Next door to Woodlawn is a house that is hidden down a long driveway and tucked into the trees. Oftentimes when we drive past it, I’ll slow down hoping to get a sneak peek through trees to see what it really looks like.
The house is empty and deserted and has been for a very long time. It sits on what I consider to be one of the best views in our county.
People who have lived here for a long time tell stories of the family that lived in the house. The man that we buy our hay from remembers making deliveries there.
But one of the most common stories I hear is that the woman who last lived in the house eventually holed herself up in the kitchen while her grand home fell apart around her.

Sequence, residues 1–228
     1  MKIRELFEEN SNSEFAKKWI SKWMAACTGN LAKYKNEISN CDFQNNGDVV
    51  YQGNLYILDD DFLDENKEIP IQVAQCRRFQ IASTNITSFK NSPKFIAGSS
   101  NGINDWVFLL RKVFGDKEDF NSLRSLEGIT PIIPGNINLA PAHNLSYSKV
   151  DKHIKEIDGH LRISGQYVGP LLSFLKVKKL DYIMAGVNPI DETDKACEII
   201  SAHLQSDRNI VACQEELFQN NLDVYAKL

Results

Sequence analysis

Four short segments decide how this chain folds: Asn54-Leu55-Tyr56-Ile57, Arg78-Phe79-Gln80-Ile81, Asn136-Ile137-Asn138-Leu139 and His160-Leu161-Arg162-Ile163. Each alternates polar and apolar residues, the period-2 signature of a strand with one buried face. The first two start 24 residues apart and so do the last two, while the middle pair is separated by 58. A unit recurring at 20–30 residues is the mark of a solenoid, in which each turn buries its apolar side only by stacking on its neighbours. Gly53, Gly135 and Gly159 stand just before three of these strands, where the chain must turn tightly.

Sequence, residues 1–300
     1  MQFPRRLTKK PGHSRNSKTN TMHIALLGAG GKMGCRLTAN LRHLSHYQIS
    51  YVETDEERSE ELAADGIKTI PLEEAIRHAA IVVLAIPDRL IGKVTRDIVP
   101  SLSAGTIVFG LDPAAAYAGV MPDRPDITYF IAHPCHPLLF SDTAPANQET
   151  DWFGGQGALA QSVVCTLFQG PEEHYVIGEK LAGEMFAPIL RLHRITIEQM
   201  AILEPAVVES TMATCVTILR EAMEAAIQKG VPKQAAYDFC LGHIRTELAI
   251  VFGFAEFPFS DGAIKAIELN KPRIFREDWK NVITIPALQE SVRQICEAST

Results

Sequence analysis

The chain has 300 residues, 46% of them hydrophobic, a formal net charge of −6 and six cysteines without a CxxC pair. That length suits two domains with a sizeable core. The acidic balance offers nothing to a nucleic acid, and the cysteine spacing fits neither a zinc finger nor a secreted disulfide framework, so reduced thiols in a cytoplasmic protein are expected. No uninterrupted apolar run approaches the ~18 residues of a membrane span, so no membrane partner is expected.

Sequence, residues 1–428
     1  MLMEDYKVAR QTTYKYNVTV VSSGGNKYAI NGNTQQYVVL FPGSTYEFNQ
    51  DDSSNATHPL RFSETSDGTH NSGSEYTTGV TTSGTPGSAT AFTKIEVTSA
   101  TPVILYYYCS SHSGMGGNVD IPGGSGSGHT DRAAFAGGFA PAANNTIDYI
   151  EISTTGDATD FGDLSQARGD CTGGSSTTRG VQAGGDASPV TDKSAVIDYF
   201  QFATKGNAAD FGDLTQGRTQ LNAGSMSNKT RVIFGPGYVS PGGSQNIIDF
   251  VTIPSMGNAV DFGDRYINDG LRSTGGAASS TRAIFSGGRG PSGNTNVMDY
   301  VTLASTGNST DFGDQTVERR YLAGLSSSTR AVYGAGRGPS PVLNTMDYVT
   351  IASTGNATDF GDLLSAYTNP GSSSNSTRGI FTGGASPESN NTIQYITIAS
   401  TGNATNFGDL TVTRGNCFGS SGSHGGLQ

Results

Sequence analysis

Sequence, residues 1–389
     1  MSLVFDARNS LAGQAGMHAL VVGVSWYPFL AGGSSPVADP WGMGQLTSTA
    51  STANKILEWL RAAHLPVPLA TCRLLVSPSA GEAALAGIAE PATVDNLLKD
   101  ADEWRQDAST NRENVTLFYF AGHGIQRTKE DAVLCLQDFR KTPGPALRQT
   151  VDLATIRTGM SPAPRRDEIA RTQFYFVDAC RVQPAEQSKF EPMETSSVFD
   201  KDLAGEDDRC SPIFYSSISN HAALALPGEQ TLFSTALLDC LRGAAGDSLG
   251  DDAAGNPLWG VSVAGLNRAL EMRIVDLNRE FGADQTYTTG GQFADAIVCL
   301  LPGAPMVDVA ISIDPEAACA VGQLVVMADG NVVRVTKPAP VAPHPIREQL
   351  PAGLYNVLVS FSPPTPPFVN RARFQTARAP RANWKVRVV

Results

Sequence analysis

My favorite part of the story, is that a piano on the third story of the house came crashing through the rotting floors to the basement.
Today, the house stands empty. It gets just enough attention to keep it standing, I suppose. Occasionally a crew will show up and mow and trim down tree branches. Or we’ll hear hammering and banging from next door.
But I’ve never been up close to the house until last weekend. Out on a walk Sunday afternoon, Dan took us to the very edge of Woodlawn and we crossed on to the neighbor’s property to get a closer look. I figure when you’re neighbors it’s not “technically” tresspassing, right? We’re just keeping an eye on things.
The house is unbelievably unique and beautiful. A stone mansion tucked back a long driveway. And I try to imagine it in its glory days. Now it sits quietly at rest and I wonder what the future holds for the old girl.
It’s probably obvious that I love old houses. This one included–though maybe I have a new appreciation for the work involved.
I’d love to see this place loved again some day. If not, I have a little girl who tells me she plans to move in next door and fix the place up when she grows up. Oh my.